We identified 285 registered trials for the treatment or prevention of COVID-19 completed during the first 6 months of the pandemic. Of these trials, 14% had a result available in either a preprint, journal article, or posted to a clinical trials registry after a minimum follow-up time of 6 weeks. Sensitivity analyses using alternate dates and definitions of results for assessments did not appreciably change the reporting percentage. Extending the minimum follow-up time to 3 months yielded 19% of registered trials with results. Preprints have played an important role in results dissemination with the most results of any route (n=25). These preprint results do not appear to be rapidly making it into the peer reviewed literature, as just four preprints in our sample had a matched journal publication. There was low use (5%) of clinical trial registries for results dissemination.
Strengths and limitations
This work had a number of strengths. We used a broad definition of interventional clinical trials, beyond just randomised controlled trials, and included COVID-19 trials from the full ICTRP database, including trials from 18 registries, in our potential population. Searches for publications were performed using multiple strategies and databases, with dual-coded manual verification throughout. Our findings were also robust to a number of alternate assumptions for judging completion and results availability.
This work also has limitations. Missing, incomplete, inaccurate or outdated data all likely impacted our sample to varying degrees that are difficult to quantify. Deviations from best practices for discoverability (eg, inclusion of registration IDs in abstracts and metadata), publications in non-indexed journals or preprint servers and articles not available in English language may have made some results difficult to locate despite our extensive search strategy. Lastly, our methods may under-represent some aspects of how results have been shared during the pandemic. For instance, large adaptive trials like the Randomised Evaluation of COVID-19 Therapy (RECOVERY) trial or master protocol trials like Solidarity may contain numerous distinct research studies under one broad registration, produce numerous publications and will only be represented as a single datapoint in our analysis that remains ongoing until the end of follow-up for the final arm.29 30
Research in context
Registered and reported COVID-19 trials have been well-described in the literature.13 31–35 Our results add to these examinations of the design, focus and outcomes of the COVID-19 research response. We are aware of one similar analysis to date that attempted to quantify the dissemination of registered COVID-19 clinical trials. Janiaud and colleagues searched a single database for results of all registered COVID-19 Randomised controlled trials from the first 100 days of 2020 and conducted outreach to trial contacts in October 2020. They located results for 53 of the 516 trials (10.3%) but did not limit their analysis to only registered completed trials. Of the 516 trials in their sample, 155 (30%) had not started or were discontinued, per either the registry or trial team outreach.36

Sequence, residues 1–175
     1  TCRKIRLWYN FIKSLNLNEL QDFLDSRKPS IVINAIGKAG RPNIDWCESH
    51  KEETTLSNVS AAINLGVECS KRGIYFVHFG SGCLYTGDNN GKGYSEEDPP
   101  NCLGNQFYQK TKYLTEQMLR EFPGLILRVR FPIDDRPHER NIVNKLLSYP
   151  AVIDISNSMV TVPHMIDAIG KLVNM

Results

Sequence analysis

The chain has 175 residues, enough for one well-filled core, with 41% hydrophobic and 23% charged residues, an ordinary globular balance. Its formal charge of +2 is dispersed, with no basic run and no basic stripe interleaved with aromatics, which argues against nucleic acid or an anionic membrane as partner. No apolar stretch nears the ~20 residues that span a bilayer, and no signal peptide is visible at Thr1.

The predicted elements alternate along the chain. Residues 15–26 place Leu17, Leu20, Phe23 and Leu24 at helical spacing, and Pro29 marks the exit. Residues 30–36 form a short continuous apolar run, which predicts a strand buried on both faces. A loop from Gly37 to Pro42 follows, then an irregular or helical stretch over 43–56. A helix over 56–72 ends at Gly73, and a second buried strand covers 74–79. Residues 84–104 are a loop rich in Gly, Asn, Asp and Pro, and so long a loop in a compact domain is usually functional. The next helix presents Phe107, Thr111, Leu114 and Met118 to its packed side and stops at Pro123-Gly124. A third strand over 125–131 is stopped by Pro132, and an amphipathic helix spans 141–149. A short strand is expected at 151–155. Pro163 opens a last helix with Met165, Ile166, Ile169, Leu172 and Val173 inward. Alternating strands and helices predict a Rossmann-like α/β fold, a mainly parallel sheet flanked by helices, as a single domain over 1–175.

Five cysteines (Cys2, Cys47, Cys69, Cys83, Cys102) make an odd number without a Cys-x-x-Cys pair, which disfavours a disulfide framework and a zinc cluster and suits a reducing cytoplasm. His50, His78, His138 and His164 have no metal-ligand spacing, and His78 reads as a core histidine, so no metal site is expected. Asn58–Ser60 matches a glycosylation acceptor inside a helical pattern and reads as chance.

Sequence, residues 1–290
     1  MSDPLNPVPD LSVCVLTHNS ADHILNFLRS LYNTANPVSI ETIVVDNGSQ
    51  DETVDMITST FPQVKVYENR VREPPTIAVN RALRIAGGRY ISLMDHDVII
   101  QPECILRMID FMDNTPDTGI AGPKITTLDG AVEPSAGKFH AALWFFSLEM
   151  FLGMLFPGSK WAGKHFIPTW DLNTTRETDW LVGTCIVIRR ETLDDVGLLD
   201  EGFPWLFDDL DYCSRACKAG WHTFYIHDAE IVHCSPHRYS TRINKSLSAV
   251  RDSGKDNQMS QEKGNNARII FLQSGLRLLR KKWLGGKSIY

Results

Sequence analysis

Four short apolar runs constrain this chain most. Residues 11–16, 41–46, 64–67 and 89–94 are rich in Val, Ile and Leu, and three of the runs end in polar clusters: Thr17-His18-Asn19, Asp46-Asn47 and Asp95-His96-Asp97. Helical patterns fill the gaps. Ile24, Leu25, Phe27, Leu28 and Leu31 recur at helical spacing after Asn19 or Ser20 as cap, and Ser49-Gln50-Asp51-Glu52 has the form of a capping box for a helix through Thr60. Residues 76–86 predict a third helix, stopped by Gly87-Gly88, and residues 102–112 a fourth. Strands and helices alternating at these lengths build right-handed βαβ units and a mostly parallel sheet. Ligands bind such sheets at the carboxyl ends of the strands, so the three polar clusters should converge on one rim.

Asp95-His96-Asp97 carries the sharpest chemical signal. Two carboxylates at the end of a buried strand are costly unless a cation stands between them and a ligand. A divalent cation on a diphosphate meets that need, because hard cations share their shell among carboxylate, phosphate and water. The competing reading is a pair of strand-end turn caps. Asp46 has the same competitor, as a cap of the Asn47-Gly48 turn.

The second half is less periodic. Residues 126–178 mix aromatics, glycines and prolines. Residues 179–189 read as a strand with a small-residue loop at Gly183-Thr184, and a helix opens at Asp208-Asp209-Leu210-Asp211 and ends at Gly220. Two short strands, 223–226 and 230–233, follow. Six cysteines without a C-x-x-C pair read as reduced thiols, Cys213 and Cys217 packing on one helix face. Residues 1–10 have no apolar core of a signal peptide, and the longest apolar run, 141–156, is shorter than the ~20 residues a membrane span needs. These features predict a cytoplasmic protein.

Reporting for COVID-19 trials may be accelerated compared with other trial populations even if the overall reporting percentage remains very low. A meta-analysis from 2014 showed a pooled reporting percent of registered trials across studies of 54.2% with a minimum of 24 months of follow-up but with substantial heterogeneity. Reporting percentages in the individual studies, often examining trials in a single specialty, ranged from 23% to 76%. Five studies with time to publication data showed a 30% pooled probability of reporting at 24 months of follow-up.37 Subsequent large examinations of reporting registered trials from academic medical centres in the USA and Germany showed 35.9% and 39% of results published in the literature within 2 years of completion, and overall reporting did not surpass 20% in either study until well after 6 months of follow-up.21 38 Low reporting rates have also been seen in previous pandemics; vaccine trials during the H1N1 pandemic showed <20% probability of reporting within 5 months of completion.11 Jones and colleagues examined the extent and timeliness of reporting during the H1N1, Zika and Ebola outbreaks. As in our findings, registries were less commonly used to disseminate results compared with journal publications (47% to 68% available at 24 months). Overall, there was a median delay from completion of 42 months (IQR: 16–76) for results posting to registries and 21 months (IQR: 9–34) for journal publication. H1N1 trials were substantially slower to publish results compared with Ebola and Zika trials; however, Zika trials showed the lowest overall reporting percentage across both routes. No negative findings were reported among 44 non-vaccine drug or biologic trials.12